Continued from Part One


So, although I can’t offer a fully developed opinion, I will offer a strong opinion.

Without knowing to what extent, if any, climate change results from man-made factors, wouldn’t it be prudent to become more environmentally friendly anyway, in order to limit the chance that man-made factors don’t increase or expand and influence climate change in the future?

Although I might not know to what extent any existing climate change might result from man’s activities, I think I can safely say this:

Man likely is one of the causes of climate change.

Why? Well, I could be wrong, but I’ve never read anyone disagree that the following points are true:

  • The earth’s temperature has risen dramatically over the years.
  • The level of carbon dioxide has risen dramatically over the past several decades.
  • Carbon dioxide warms the earth, and therefore increased levels of carbon dioxide increase warming.
  • Man's activities have increased carbon dioxide over the past several decades.
(Perhaps these points are rarely, if ever, challenged, because there are relatively few ways in which to challenge them.  The points involve the simple recording of measurements and observation of the effects of carbon dioxide.  Perhaps if it were possible to plausibly challenge these views we’d see the current debates extended to these points).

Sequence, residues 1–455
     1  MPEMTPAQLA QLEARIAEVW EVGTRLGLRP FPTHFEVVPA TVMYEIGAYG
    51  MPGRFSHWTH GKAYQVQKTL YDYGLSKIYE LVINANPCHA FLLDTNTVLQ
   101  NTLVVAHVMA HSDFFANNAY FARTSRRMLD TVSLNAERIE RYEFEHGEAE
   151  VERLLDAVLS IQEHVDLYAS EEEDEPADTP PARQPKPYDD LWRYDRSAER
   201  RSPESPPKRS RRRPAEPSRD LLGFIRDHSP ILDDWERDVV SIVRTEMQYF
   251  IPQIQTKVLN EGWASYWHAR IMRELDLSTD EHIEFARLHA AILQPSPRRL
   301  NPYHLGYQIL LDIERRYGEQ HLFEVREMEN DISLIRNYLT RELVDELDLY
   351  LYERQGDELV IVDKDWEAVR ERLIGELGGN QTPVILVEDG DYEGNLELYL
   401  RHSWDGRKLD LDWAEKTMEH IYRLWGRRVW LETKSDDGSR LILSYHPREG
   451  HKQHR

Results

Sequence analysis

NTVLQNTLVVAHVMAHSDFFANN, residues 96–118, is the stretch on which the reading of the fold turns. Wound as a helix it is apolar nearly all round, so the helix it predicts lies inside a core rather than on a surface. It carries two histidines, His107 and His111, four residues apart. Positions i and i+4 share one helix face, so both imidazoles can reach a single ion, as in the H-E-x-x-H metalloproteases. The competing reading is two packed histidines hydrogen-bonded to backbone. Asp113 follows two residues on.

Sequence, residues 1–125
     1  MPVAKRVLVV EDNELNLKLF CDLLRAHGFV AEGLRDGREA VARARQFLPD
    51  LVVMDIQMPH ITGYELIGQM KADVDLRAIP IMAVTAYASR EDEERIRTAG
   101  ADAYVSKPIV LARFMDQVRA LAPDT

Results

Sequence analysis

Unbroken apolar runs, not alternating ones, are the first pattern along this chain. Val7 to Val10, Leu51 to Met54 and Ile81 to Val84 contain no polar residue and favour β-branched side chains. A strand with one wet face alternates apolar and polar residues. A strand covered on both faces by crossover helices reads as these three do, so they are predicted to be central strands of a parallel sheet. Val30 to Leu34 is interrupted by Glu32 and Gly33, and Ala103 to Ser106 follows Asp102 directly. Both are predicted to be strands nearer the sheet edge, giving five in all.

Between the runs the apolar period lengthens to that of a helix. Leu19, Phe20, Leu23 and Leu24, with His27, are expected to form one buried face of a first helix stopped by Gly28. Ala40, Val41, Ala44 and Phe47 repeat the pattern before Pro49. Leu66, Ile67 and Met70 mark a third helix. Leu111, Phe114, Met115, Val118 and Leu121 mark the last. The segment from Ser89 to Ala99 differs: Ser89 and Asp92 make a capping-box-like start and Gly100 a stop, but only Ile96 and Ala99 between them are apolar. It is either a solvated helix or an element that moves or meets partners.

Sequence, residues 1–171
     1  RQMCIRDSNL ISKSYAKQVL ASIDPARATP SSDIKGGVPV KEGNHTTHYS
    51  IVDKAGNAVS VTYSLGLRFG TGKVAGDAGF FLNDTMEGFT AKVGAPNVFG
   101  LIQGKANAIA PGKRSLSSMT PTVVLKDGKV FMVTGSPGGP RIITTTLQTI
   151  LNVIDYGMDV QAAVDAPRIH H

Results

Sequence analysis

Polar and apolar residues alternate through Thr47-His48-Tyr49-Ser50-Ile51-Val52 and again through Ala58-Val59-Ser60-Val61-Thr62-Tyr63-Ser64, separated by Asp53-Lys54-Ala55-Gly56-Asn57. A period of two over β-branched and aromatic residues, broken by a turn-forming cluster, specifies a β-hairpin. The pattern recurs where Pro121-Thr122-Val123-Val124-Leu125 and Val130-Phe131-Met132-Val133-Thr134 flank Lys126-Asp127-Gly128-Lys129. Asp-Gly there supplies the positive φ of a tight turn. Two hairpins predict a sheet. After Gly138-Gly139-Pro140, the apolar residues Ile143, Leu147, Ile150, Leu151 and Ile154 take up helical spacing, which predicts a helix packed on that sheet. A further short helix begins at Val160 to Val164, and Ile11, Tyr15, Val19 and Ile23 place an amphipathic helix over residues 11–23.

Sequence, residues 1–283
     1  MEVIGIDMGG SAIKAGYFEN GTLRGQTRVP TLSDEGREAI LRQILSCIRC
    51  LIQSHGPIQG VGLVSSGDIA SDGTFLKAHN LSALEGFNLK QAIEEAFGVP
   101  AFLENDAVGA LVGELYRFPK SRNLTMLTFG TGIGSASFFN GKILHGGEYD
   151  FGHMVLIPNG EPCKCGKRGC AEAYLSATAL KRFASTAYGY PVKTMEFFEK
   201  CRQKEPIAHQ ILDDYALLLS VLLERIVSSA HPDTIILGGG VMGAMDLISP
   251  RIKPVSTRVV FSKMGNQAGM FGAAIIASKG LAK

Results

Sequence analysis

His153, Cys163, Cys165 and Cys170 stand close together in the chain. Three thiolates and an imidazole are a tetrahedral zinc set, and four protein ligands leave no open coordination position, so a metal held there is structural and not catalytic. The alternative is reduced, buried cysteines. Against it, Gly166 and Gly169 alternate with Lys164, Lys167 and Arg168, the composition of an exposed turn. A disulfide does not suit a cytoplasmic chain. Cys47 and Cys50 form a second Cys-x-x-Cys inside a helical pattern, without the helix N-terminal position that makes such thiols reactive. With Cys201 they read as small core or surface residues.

So, if carbon dioxide warms the planet, and if the level of carbon dioxide has risen dramatically over the decades, how could man not be contributing to global warming?

I would say that the question in the media should likely become: How much of the global warming is due to man? Instead of the question leaning towards:Is any of it is due to man? (Assuming that carbon dioxide warms, and has been increasing due to man's activities, the only manner in which man, overall, couldn’t be at all contributing to global warming is if man is unknowingly engaged in other activities that actually reduce global warming enough to offset the warming from the carbon dioxide.  This is possible, although I’ve never heard anyone suggest this).

Now, I’ve already mentioned that even if climate change is not primarily a result of man’s activities, at least some environmentally friendly measures should be implemented for these reasons:

1) If benefits outweigh the costs, as described at the start of this article.

2) The prudence of limiting the chance those man-made factors will expand and influence climate change in the future.